WHAT IS DIETARY FIBER AND HOW IT AFFECTS YOUR HEALTH?

What is fibre?

Dietary fibre is a term that is used for plant-based carbohydrates that, unlike other carbohydrates (such as sugars and starch), are not digested in the small intestine and so reaches the large intestine or colon.

Soluble and insoluble fibre

You may have heard of the terms ‘soluble fibre’ or ‘insoluble fibre’– these are words that are sometimes used to describe the types of fibre in our diet. Although scientific organisations argue that these terms are no longer really appropriate, you may see these terms being used, with soluble fibre including pectins and beta glucans (found for example in foods like fruit and oats) and insoluble fibre including cellulose (found for example in wholegrains and nuts). What is important to remember is that fibre-rich foods typically contain both types of fibre.

Fibre rich foods include

  • Wholegrain breakfast cereals, wholewheat pasta, wholegrain bread and oats, barley and rye
  • Fruit such as berries, pears,  melon and oranges
  • Vegetables such as broccoli, carrots and sweetcorn
  • Peas, beans and pulses
  • Nuts and seeds
  • Potatoes with skin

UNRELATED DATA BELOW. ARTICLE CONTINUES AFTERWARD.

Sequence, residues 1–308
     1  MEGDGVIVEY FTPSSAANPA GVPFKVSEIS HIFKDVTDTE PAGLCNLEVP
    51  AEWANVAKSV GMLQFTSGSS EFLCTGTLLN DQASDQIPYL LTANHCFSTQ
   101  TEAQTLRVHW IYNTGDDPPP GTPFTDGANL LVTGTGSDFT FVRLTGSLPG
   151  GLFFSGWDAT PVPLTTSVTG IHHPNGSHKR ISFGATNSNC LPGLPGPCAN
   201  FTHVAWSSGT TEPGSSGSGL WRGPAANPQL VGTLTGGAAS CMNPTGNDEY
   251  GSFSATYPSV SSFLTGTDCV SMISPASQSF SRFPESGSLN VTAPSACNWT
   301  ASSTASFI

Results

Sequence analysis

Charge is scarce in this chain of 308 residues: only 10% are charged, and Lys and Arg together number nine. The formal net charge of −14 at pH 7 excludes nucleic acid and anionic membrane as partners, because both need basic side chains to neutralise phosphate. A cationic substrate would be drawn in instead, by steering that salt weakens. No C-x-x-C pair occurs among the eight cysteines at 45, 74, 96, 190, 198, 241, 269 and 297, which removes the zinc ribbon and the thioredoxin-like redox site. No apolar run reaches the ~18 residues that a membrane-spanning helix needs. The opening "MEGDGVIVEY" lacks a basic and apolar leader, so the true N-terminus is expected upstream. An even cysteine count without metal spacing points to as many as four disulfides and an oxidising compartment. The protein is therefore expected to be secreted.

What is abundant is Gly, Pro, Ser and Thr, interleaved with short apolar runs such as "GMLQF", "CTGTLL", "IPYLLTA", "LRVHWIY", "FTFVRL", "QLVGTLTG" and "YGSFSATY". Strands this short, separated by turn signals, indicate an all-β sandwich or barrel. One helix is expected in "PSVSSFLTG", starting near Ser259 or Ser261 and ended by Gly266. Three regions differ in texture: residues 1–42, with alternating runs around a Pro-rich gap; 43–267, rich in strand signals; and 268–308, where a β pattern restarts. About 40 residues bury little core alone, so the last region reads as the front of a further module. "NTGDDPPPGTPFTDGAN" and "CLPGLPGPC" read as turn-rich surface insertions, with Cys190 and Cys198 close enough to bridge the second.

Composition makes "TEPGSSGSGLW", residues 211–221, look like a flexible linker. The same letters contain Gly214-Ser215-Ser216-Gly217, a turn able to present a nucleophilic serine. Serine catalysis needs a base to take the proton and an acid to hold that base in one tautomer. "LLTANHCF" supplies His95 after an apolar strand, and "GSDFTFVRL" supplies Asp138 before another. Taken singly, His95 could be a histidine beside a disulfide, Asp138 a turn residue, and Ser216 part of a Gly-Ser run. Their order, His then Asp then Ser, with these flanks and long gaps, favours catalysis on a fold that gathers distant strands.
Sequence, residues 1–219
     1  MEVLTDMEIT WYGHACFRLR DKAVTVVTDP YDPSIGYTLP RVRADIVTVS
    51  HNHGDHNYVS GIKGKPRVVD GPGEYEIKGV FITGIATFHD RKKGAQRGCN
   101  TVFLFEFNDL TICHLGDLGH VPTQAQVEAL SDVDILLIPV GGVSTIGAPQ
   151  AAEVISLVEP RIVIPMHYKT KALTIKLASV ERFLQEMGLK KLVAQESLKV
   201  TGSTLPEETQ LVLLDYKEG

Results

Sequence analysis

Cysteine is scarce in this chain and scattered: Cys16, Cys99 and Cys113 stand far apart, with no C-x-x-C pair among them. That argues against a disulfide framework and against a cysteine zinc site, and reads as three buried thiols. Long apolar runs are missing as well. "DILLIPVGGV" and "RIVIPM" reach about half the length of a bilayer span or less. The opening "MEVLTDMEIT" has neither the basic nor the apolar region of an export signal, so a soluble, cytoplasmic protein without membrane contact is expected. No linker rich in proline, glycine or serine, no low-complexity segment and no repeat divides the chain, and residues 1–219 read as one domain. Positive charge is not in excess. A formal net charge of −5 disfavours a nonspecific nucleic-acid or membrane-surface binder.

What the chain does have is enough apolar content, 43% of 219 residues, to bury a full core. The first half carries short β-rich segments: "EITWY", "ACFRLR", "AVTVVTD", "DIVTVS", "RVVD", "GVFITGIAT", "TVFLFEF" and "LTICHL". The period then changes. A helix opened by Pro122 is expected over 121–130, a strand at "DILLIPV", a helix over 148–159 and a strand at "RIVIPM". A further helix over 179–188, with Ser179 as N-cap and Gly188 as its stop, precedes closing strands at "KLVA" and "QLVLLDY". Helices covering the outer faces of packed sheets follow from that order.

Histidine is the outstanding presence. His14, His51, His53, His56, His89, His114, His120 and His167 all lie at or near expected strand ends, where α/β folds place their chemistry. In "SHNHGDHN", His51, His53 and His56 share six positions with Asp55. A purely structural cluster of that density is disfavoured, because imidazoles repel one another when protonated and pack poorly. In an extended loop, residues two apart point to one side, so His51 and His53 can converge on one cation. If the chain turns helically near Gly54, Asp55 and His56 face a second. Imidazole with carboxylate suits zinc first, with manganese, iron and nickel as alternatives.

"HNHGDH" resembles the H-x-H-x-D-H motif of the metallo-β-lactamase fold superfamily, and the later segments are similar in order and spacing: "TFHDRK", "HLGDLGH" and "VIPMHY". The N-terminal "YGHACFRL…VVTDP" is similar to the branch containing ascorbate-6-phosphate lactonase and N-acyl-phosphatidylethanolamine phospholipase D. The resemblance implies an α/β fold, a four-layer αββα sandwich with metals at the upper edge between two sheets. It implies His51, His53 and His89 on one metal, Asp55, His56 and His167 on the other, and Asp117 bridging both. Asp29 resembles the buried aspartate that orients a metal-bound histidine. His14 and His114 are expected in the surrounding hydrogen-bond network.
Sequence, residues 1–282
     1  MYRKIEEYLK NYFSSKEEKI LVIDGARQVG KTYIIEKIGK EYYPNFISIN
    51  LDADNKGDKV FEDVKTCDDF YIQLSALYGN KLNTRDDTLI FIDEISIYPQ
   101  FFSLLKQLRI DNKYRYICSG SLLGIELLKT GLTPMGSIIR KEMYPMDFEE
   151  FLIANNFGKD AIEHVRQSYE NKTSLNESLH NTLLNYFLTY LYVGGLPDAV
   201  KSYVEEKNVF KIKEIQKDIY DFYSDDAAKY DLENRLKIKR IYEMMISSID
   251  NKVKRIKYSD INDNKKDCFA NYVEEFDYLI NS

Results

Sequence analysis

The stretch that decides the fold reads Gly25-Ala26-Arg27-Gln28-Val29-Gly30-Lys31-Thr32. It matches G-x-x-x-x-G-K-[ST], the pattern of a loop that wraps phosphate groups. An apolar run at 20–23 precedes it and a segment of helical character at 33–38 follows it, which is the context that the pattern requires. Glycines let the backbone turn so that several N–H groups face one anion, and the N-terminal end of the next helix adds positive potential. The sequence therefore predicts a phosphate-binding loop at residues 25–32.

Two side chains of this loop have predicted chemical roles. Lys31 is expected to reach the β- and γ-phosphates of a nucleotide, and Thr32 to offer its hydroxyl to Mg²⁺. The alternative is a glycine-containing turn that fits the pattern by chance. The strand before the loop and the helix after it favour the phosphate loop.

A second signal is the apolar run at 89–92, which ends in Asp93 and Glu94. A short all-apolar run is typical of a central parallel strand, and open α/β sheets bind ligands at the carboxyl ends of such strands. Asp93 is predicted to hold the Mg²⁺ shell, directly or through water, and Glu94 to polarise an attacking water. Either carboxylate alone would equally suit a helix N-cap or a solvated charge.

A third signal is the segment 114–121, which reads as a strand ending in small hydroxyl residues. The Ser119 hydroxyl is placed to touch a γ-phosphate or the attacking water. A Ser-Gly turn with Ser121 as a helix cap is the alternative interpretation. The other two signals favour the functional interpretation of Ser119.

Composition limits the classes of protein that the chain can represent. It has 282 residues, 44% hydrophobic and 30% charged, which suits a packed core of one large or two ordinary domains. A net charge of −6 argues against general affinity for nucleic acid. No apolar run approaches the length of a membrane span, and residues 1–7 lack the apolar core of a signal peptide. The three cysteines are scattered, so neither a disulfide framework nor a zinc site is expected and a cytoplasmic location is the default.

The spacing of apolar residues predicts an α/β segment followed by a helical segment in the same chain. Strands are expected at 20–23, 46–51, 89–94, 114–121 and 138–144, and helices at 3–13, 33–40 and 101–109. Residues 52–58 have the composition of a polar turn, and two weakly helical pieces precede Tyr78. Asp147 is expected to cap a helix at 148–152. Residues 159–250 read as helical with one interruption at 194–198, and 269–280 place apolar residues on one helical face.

How does fibre benefit health?

Fibre helps to keep our digestive system healthy and helps to prevent constipation. For example, fibre bulks up stools, makes stools softer and easier to pass and makes waste move through the digestive tract more quickly.

The European Food Safety Authority suggests that including fibre rich foods in a healthy balanced diet can improve weight maintenance. Dietary fibre is helpful in maintaining a healthy lifestyle in so many ways:

  • Reduces the risk of Cardiovascular disease (heart disease and stroke) and type 2 diabetes
  • Reduces cholesterol levels if you consume 3g or more of it daily
  • Reduces the risk of Colorectal cancer (bowel cancer)

How to increase you fibre intake?

  • Choose a high fibre breakfast cereal e.g. wholegrain cereal like wholewheat biscuit cereal, no added sugar muesli, bran flakes or porridge. Why not add some fresh fruit, dried fruit, seeds and/or nuts.
  • Go for wholemeal or seeded wholegrain breads. If your family only typically likes white bread, why not try the versions that combine white and wholemeal flours as a start.
  • Choose whole-grains like wholewheat pasta, bulgur wheat or brown rice.
  • Go for potatoes with skins e.g. baked potato, wedges or boiled new potatoes – you can eat these hot or use for a salad.
  • For snacks try fruit, vegetable sticks, rye crackers, oatcakes, unsalted nuts or seeds.
  • Include plenty of vegetables with meals – either as a side dish/salad or added to sauces, stews or curries – this is a good way of getting children to eat more veg.
  • Keep a supply of frozen vegetables so you are never without.
  • Add pulses like beans, lentils or chickpeas to stews, curries and salads.
  • Have some fresh or fruit canned in natural juice for dessert or a snack.

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